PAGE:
And the bursting cry of the desolate,
Which rang thro' Cheynholme's large domain;
For the evil seed throve none the less
Within their ancient mansion pile;
Bearing the fruits of bitterness,—
     They sinned and died
     In pomp and pride,
Deaf as their marble forms which press
The tombs of Cheynholme's aged aisle,
And as their generations passed,
Each one more mighty than the last,
And, with a brow of harder pride,
Looked in the face of Heaven, and lied,
And revelled, and squandered, and slew amain.

The hearts of the lowly sank again,
They ceased to strive beneath the yoke,
Or wonder at their fate of woe,
Or pray against the want which broke
Their spirits with its torment slow;
But a dull, hopeless unbelief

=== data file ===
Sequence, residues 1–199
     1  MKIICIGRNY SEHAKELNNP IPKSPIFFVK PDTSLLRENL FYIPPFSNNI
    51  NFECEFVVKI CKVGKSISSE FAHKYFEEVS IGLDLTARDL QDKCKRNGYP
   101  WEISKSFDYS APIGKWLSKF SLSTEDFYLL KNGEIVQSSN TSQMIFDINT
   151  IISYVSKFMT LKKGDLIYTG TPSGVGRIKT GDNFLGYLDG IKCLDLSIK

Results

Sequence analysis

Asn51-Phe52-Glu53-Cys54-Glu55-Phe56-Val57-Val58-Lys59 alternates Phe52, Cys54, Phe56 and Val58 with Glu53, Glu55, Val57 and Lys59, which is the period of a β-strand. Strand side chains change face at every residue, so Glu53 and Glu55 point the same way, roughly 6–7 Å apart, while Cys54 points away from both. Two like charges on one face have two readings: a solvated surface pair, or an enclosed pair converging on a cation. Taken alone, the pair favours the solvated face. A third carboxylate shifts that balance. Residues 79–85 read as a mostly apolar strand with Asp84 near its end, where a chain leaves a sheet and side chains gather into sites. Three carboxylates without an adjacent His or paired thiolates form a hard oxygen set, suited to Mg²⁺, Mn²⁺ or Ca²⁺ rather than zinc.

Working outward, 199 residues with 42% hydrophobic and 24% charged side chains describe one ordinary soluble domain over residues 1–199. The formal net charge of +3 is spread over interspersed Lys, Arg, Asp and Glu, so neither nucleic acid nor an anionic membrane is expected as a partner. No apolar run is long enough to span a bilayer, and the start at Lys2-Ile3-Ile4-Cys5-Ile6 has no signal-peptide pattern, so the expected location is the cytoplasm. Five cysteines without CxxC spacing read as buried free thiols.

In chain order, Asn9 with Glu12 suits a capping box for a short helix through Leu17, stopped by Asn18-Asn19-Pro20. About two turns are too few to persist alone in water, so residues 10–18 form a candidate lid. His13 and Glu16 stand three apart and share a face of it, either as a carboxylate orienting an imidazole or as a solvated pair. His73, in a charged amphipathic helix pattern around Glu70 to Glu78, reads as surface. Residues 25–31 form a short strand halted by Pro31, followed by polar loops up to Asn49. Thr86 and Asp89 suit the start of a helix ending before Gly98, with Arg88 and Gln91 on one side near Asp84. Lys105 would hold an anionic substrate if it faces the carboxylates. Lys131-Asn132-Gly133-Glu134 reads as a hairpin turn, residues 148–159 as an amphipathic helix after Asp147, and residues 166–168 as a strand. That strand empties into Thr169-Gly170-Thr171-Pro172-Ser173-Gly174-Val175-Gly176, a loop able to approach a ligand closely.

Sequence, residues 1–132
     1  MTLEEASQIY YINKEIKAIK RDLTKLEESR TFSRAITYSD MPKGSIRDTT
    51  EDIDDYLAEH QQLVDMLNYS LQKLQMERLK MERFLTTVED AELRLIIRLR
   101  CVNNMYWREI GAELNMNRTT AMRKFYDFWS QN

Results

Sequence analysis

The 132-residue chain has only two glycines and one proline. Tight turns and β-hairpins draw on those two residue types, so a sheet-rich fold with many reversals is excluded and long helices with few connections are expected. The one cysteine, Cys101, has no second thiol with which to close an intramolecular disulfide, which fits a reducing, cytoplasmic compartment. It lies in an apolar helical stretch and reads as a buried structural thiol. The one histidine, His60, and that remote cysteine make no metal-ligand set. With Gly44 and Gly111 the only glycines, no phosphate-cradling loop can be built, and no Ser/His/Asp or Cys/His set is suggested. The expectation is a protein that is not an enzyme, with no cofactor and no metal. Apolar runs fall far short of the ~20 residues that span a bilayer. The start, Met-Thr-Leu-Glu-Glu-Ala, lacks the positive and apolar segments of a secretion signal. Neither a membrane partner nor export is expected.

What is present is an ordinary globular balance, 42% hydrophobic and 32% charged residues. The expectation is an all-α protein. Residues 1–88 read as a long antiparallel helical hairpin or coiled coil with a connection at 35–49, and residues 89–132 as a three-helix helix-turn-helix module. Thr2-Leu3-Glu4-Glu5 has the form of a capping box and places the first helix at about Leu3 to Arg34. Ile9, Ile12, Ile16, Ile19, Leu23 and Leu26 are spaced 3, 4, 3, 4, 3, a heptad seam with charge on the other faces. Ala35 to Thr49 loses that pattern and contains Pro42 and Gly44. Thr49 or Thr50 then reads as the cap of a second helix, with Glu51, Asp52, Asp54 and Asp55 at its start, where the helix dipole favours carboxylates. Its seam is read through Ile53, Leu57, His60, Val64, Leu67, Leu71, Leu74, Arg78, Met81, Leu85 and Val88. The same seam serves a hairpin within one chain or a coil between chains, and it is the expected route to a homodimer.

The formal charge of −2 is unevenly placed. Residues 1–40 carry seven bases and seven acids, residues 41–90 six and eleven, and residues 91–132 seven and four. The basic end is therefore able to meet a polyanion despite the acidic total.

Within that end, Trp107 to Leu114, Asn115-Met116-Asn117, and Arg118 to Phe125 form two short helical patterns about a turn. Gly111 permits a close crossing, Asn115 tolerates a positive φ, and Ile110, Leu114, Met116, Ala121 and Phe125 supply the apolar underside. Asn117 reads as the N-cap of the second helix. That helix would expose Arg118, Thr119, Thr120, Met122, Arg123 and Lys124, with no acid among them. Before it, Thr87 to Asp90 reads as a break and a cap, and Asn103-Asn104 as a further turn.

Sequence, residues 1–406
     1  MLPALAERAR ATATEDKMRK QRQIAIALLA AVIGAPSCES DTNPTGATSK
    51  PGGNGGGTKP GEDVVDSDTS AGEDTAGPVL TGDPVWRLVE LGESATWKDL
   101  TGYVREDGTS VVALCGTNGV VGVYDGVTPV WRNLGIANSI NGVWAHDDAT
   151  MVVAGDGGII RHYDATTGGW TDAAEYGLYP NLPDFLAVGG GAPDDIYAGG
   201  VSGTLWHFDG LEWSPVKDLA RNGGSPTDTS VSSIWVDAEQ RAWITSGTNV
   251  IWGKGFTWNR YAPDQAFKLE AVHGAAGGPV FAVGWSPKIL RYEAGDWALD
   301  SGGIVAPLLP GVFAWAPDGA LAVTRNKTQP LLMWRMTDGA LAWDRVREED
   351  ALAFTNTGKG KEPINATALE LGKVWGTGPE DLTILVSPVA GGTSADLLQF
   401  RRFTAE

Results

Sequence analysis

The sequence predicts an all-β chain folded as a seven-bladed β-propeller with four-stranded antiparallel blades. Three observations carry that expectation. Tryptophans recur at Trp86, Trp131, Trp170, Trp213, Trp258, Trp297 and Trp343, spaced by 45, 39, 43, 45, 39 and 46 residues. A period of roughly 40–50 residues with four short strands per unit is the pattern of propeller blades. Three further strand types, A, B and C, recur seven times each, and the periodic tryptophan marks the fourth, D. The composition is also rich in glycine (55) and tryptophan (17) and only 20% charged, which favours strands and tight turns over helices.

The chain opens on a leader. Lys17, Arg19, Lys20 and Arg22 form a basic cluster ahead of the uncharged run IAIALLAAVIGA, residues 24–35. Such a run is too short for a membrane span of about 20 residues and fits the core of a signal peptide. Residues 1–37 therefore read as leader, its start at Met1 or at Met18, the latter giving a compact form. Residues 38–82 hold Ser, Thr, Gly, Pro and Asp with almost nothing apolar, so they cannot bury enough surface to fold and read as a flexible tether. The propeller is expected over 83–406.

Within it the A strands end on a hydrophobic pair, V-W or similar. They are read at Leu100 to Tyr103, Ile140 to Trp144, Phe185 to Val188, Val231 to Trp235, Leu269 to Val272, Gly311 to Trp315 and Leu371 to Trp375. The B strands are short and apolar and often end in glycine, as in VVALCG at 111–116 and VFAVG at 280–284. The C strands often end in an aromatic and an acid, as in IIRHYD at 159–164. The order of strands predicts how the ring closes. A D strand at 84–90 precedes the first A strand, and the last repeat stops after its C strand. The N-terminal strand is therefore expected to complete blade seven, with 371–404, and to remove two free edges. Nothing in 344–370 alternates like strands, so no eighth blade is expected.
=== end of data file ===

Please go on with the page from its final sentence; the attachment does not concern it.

Palsied the supplicating hand;
     They deemed the seal
     Of God's high will
Chartered those vultures of the land.
They thought it were a fruitless strife
To wrestle with the rooted sway,
Which, ivy-like, drained forth their life,
And flourished on their hopes' decay,—
So died into their parent soil,
Like dumb o'erlaboured beasts of toil!

But there is judgment for the strong,
And there is justice for the weak,
And there is unrepented wrong,
And crime so venomous—so long,
That its foul mass at last must break.
Dire and swift did vengeance fall
On Cheynholme's blood-cemented wall;
Root and branch, and budding spray
Were hewn from the ancient trunk away;
Their lofty name is borne by none;
Their hearths lie open to the sun;
Their rich domain of field and brake
Is blasted for their guilty sake,
And of their proud oaks' sylvan court
The fierce-eyed lightning makes his sport.
Listen! ye of the stony heart—
Listen! ye of the bloody hand;
For the ruthless deed shall have its meed,
And the crime-stained roof its kindling-brand.


  1. That's good atmospheric stuff. I can imagine scholarly PC types sifting through piles of musty documents in search of the whole poem -- perhaps having heard snatches of it in the tavern.

  2. Yes. Might actually steal this for my campaign.